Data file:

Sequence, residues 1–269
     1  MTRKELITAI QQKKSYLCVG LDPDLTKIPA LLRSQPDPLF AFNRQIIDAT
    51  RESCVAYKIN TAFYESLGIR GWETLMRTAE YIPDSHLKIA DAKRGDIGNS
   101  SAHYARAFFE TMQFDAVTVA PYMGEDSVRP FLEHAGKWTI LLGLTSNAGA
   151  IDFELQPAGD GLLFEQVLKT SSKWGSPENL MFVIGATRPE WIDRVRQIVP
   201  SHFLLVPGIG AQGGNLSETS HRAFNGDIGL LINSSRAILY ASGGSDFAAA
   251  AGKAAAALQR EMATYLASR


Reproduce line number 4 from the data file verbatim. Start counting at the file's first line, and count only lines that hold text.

   101  SAHYARAFFE TMQFDAVTVA PYMGEDSVRP FLEHAGKWTI LLGLTSNAGA